The place was sold out - people stood outside, pleading for tickets. Our friend's daughter decided not to come, her ticket was gone in an instant long before the show. We seemed to be some of the younger ones there, I was afraid this would be a horrible ha-ha German laugh-a-thon.

No way. This guy is great. With a completely straight face he just recites at an impossible speed the daily insanities of life, couples with some observations that do demand closer investigation. He shoots off at the German health system and its Mafia-like structures; the degenerate school system; Politicians from top to bottom (Köhler over Merkel to Wazzisname Jung, the minister of defense); the German economy (or lack thereof).

Some of his characters speak a Frankfurt dialect (the real one not that "other" one in the East) that I found hard to understand, I really had to concentrate. Behind me sat two guys who had a good, lout guffaw after every joke, so you always missed the first few words of the next statement. Another guy tried pointing this out to them and a short fight erupted: When you go to a cabaret you laugh! Yes, but you are not at home, there are 500 others in the room with you.

The ringing mobile phones were horrible - why can't people discover it is their phone and get it off? They have such distinctive ring tones.

Schramm make fun of the people coming in late - digging in for a seat only to discover that the seats were already taken, then beating a retreat. Schramm picked this up, asked for empty seats, made sure they got real comfy before he continued - I bet that couple won't show up late to a theater again!

The last part got kind of strange - his talk of blowing up stuff, of killing some of the idiots in power was a bit out of taste. But his analysis of how Hanns Martin Schleyer was transformed through his assassination from nasty, mean, former member of the Nazi SS (he joined in 1933) president of the Confederation of German Employers' Associations into a martyr that they even have named a sports arena after, was brutal but honest.

Now, if this guy could organize the people on the streets and the Stammtische, he could easily overthrow the government, judging from the applause he got for every analysis.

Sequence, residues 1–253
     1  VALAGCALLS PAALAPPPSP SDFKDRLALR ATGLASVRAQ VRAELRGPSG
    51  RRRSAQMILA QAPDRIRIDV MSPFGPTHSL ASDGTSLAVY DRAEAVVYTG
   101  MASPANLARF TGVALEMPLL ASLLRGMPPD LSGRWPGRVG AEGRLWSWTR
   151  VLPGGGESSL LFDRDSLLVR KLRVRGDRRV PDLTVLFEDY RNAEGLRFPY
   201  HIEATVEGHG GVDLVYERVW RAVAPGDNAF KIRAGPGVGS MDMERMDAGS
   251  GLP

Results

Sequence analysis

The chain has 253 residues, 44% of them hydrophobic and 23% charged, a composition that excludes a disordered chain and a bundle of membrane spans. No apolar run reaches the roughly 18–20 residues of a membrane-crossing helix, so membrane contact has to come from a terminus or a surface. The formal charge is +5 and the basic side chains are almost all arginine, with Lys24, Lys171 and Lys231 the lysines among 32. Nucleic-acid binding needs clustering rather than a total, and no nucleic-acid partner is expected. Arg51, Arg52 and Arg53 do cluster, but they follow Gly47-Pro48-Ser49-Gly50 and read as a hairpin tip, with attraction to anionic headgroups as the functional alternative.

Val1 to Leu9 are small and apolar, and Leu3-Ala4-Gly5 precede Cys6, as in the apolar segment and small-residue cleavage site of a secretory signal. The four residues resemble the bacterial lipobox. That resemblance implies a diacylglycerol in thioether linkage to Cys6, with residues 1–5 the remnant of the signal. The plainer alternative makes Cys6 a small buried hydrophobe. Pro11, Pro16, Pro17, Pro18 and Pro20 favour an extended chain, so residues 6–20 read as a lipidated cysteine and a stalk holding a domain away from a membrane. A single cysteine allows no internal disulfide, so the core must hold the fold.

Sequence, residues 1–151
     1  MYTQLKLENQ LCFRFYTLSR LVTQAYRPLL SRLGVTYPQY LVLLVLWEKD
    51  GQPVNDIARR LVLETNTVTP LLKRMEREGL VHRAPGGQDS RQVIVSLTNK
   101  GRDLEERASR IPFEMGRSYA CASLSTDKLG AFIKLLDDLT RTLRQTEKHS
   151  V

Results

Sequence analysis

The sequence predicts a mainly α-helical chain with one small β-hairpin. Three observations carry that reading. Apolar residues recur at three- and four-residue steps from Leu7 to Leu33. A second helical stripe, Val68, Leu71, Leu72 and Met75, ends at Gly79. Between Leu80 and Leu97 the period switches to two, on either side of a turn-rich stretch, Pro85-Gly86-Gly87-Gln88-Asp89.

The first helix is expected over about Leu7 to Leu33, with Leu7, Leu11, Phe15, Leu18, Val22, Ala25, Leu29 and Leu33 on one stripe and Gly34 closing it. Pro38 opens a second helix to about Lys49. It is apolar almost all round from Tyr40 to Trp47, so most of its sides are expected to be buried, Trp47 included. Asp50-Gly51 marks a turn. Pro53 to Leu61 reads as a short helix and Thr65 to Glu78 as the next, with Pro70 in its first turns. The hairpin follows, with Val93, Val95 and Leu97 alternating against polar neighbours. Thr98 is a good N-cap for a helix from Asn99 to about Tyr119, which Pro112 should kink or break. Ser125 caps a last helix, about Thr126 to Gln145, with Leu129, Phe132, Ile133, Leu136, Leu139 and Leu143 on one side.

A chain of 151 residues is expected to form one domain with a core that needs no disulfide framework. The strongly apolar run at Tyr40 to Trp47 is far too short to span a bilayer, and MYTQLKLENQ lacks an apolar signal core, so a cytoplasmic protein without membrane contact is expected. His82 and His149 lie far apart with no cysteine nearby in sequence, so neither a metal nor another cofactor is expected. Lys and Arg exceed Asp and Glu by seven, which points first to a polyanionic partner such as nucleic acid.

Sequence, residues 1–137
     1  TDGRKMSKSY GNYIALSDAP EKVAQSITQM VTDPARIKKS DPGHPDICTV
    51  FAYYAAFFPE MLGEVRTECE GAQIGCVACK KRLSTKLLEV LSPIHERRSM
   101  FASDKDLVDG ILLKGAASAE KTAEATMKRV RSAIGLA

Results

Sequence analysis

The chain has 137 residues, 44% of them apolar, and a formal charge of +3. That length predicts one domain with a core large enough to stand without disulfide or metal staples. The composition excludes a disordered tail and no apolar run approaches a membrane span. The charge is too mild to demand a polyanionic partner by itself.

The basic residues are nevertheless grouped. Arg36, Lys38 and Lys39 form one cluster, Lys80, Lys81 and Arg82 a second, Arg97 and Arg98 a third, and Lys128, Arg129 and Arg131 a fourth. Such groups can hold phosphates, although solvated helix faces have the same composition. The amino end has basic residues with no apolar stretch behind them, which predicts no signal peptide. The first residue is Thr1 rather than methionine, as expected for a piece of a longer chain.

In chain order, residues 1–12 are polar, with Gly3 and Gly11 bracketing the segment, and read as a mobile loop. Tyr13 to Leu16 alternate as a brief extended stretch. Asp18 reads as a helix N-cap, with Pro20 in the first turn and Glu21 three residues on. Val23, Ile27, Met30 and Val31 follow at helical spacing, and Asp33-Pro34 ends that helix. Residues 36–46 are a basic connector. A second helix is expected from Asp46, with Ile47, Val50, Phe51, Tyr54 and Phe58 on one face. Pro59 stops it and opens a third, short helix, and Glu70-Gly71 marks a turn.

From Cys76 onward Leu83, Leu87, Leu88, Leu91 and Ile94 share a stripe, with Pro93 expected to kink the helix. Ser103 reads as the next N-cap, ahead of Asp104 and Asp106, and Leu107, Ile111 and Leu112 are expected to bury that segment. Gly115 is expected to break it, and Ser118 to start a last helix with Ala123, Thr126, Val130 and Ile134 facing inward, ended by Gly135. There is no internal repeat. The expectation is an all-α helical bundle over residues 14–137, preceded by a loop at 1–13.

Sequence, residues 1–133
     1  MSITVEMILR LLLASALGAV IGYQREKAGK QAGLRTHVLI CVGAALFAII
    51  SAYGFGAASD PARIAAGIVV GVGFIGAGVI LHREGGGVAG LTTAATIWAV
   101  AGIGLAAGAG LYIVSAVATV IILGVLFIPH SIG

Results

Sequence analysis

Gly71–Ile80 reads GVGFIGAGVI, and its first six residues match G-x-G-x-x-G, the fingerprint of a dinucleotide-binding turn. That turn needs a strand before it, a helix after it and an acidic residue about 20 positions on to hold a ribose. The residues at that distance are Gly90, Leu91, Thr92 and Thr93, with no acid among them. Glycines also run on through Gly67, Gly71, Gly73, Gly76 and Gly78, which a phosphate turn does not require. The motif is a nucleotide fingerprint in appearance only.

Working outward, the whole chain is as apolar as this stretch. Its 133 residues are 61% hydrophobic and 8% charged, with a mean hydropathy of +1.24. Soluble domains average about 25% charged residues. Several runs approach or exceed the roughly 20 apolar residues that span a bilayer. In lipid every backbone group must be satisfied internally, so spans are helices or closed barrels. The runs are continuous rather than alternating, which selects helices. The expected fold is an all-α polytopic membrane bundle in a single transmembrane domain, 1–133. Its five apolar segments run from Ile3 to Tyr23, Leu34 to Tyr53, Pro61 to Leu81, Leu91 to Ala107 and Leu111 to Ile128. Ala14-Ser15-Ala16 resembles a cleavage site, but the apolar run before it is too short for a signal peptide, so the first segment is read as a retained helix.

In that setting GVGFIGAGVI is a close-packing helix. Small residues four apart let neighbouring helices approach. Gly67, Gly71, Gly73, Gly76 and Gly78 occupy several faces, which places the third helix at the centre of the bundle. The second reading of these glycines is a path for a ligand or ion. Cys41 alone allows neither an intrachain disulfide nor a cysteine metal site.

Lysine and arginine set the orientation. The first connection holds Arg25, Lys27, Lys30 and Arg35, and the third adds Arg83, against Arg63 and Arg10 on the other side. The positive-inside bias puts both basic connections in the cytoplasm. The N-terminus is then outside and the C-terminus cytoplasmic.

Before the Devil Knows You're Dead

I was tired. Don't sleep much. Have over a hundred exercises to correct and two exams to make up. Spent all morning at a Berlin-wide church service. I don't have time for movies.

But the movie bunch insisted. I could still do my exams in the evening. And it was only 3 Euros at the little movie theater around the corner and I could leave any time I felt the violence was too bad.

Okay. So I went. Ah, flashbacks. Or a "multiperspective" film. A bit of sex at the beginning (I rather wanted to shield the eyes of the 17-year-old, as it was rather unappetizing). Then a bit of violence, but as it progresses, it is a sordid family drama. Melodramatic, no one has normal relations to their relatives. Anyway, it develops, racing toward a nasty end.

Don't want to go into detail - check out the IMDB. Philip Hoffman, the most horrible Truman Capote (he got an Oscar for that one), was very convincing. I know someone like that, and they even look similar. Brrrrr.

It was worth the 3 Euros, now I have to get the exam finished for tomorrow.


Well, that put me in my place!

I'm on a search committee at another school in town on account of there having to be women on the committee and externals and having an external woman kill two birds with one stone and I owed it to someone so - anyway.

The talks are this week, the first one today. The talk was your usual attempt to cram lots of material into 45 minutes plus a lot of look-at-me-Ma self-aggrandizing stuff. I've seen worse.

At the interview we were plodding along and I had rather ascertained that he did actually know more about the topic than he had indicated during the lecture, so things were looking up for him. Then the equal opportunity officer asked him about how he would make his teaching gender-sensitive.

He waffled around, finally stating that he would just kinda wait until there was an official policy and all that. The EOO gave him a frosty - we do actually have an official policy, I was interested in how you would apply this to your teaching. I did one of my pithy remarks to the tone of "Ok, right, let the women sort this out." He protested energetically, and we changed the subject.

We went through some more questions, and then we had to bridge some time as some copies were made of an exposé he brought along with him. I asked him to explain one of the stupid comments he had made during his lecture trying to be funny. There were lots of them, this one I found rather nasty.

He exploded. He had the impression that I was insinuating that he was not a sensitive person and he would just not stand for that, he feels that he must sharply refute this and insist that this is not the case!!!!!!! He rose a bit up from his chair (so he could holler down at me). He turned red in the face. I just shrugged and said "Sorry" and changed the subject.